In the wake of last week’s attack on French satirical weekly Charlie Hebdo
that left 12 people dead, a heated battle of opinion is being waged in France and several other countries on the issue of freedom of expression and the rights of both media and the public.
“People get used to war. During the last battle, children were still coming to play. Can you imagine, a seven-year-old boy running through the bullets just to play video games,” says Mohammad Darwish, a calm man with a curled beard framing his face.
Zimbabwe boasts of one of the highest rates of literacy across Africa but, but without free primary education, achieving universal primary education here may remain a pipe dream, educationists say.
For years, many policy makers, including economists, have clung to the belief that if states do nothing to boost income equality, market forces will cause wealth to trickle down to the poorest citizens and contribute to overall growth.
With the ruling Zimbabwe Africa National Union Patriotic Front party in Zimbabwe seized with internal conflicts, attention to key development areas here have shifted despite the imminent end of December 2015 deadline for global attainment of the U.N. Millennium Development Goals (MDGs).
Winter has not yet hit this nearly besieged city, but children are already attending classes in winter coats and stocking hats.
The Oct. 23 attack on the Canadian Parliament building by a Canadian who had converted to Islam just a month earlier should create some interest in why an increasing number of young people are willing to sacrifice their lives for a radical view of Islam.
Mexico can charm, irritate, wound, inspire and confuse the casual visitor as well as the informed researcher. But no one is ever left indifferent by it. Mexico leaves an indelible mark.
President Rafael Correa Delgado of Ecuador does not mince words when it comes to development. ”Neoliberal policies based on so-called competitiveness, efficiency and the labour flexibility framework have helped the empire of capital to prosper at the cost of human labour,” he told a crowded auditorium at the 15th Raul Prebitsch Lecture.
“We had ten minutes to leave our hometown,” says 33-year-old Kamal Faris who, together with his entire family, was forced to flee the threat of Islamic State (IS) fighters approaching his village.
Different issues will be competing for the attention of different African leaders attending the 69th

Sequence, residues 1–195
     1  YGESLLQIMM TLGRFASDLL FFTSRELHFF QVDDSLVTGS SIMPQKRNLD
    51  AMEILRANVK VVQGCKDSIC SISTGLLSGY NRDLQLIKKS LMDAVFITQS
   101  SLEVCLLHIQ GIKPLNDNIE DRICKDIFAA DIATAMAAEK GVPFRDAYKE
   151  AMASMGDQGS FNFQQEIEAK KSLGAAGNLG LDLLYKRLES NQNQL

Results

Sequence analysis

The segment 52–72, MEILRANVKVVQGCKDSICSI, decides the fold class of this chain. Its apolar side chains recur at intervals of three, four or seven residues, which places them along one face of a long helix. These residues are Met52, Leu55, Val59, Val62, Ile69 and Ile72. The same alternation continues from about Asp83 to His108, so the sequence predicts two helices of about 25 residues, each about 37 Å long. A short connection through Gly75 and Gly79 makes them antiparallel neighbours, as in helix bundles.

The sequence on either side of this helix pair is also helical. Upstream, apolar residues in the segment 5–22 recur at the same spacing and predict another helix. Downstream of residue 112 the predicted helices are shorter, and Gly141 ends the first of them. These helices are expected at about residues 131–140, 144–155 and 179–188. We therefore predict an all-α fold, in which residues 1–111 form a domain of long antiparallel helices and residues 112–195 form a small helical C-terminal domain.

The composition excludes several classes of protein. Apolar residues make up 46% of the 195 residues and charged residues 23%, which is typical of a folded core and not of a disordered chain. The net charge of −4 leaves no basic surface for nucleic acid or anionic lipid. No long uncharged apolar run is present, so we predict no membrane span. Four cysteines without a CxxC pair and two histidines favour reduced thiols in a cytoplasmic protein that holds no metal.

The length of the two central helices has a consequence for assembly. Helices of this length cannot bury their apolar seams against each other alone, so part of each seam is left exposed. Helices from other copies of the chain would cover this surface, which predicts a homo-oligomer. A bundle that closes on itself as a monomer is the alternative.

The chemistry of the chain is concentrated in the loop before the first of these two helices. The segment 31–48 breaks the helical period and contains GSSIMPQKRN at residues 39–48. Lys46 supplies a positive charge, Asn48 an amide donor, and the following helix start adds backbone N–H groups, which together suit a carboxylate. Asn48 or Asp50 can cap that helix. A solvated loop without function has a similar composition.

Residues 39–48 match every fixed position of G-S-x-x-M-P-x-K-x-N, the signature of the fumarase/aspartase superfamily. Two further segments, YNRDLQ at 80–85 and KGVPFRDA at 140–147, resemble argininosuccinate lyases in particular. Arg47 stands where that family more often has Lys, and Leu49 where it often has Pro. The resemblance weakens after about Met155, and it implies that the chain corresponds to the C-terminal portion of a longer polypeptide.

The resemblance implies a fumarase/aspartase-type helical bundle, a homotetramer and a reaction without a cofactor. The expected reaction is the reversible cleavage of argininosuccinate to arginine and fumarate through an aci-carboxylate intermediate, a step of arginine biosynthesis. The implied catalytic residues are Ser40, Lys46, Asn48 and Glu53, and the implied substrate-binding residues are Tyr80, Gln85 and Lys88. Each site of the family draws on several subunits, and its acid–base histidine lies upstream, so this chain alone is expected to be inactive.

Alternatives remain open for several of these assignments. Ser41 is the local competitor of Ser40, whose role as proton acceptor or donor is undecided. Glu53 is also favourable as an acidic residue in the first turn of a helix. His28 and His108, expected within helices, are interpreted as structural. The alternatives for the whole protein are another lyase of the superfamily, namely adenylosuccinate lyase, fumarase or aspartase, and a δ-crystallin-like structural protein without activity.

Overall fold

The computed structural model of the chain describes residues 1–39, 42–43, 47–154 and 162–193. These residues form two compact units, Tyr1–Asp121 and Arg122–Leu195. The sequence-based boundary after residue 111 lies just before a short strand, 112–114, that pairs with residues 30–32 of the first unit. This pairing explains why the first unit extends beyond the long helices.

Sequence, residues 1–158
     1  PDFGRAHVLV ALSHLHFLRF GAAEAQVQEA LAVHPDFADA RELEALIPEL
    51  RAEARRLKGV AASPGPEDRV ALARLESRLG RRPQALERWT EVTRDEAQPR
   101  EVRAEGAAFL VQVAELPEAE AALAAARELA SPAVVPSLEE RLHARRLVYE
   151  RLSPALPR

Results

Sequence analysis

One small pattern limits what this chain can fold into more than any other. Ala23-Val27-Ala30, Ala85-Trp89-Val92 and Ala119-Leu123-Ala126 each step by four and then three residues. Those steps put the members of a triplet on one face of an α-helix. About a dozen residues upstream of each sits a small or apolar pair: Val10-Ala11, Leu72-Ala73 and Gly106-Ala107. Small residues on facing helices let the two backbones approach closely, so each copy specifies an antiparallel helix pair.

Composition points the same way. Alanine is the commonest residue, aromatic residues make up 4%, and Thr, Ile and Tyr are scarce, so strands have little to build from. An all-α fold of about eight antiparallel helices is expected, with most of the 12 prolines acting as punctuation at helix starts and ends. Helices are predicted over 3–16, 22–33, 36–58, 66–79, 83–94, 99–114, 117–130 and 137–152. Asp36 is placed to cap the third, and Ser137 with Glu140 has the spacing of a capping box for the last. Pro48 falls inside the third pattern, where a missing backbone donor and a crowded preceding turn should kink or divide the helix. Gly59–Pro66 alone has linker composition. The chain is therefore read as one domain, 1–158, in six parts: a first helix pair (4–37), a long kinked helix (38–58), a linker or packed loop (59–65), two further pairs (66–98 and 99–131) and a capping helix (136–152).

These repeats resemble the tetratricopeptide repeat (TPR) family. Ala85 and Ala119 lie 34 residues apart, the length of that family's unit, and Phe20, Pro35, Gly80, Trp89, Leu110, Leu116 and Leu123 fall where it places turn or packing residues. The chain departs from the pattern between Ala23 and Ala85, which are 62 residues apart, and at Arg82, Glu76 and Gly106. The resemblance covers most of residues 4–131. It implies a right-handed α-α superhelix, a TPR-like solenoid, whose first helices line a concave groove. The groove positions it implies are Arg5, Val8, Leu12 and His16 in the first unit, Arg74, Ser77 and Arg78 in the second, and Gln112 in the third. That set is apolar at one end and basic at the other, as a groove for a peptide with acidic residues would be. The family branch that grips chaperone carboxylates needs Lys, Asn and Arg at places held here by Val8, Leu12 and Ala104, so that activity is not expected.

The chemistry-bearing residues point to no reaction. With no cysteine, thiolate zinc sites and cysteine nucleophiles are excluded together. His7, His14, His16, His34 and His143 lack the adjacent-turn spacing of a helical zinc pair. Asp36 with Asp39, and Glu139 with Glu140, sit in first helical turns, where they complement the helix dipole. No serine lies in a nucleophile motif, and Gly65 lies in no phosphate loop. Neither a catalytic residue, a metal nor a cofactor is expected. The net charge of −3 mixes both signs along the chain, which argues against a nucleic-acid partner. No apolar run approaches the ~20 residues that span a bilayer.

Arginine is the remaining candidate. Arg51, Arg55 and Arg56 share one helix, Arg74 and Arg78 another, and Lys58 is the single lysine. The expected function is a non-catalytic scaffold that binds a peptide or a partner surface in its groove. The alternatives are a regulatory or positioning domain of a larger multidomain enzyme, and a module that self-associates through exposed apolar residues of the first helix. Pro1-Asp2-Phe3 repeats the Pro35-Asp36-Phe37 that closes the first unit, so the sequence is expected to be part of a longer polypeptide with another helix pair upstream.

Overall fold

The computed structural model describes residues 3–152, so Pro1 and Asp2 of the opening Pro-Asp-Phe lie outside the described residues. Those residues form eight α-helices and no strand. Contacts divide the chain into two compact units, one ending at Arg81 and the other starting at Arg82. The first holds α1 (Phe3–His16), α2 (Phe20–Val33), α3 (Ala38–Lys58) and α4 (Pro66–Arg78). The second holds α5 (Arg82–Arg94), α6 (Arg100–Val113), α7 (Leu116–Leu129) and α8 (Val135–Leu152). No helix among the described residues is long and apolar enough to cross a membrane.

United Nations General Assembly Special Session on International Conference on Population and Development (ICPD) Beyond 2014 in New York on Sep 22.
The UN agency for Palestinian refugees has launched an ambitious recovery plan for Gaza following the 50-day devastating war between Hamas and Israel which has left the coastal territory decimated.
The Oscar-winning film 12 Years a Slave recently generated international discussion about the barbarity of slavery, but it is not alone in the attempt to break the silence around the 400 years of the transatlantic slave trade and to “shed light” on the lasting historical consequences.
“When the [Israeli] shelling started, I gathered up my family and headed for what I though was a safe place, like a school, but then that became overcrowded and lacked sanitation, so we ended up in the grounds of the hospital.”
New analysis suggests that developing countries are losing a trillion dollars or more each year to tax evasion and corruption facilitated by lax laws in Western countries, raising pressure on global leaders to agree to broad new reforms at an international summit later this year.
Four wind farm projects in the southern Mexican state of Oaxaca, operated or financed by European investors, could violate Organisation for Economic Cooperation and Development (OECD) rules, say activists.
The Shatila Palestinian camp has no library, nor does adjacent Sabra or Ain El-Hilweh in the south. And, after recent statements by Lebanon’s foreign minister, some fear that the thousands of Syrian refugee children within them will soon have even slimmer chances of learning to read and write.
Heightening their campaign to eradicate violence against women and girls, United Nations agencies and civil groups have called for increased action to end child marriage and female genital mutilation.
Hopes are high that the 10th
Asia-Europe Meeting – or ASEM summit – to be held in Milan on October 16-17 will confirm the credibility and relevance of Asia-Europe relations in the 21st
The shea tree, a traditional African food plant, represents a major source of income for women in Ghana's Northern, Upper West and Upper East regions, but they are helping to destroy the very resource that gives them money by cutting it down to produce charcoal.
For 22-year-old Moselyn Muchena, a final year computer science student at the University of Zimbabwe, it seemed obvious to create a mobile application offering easy access to services in the local catering industry, largely because of the huge number of female entrepreneurs in that sector.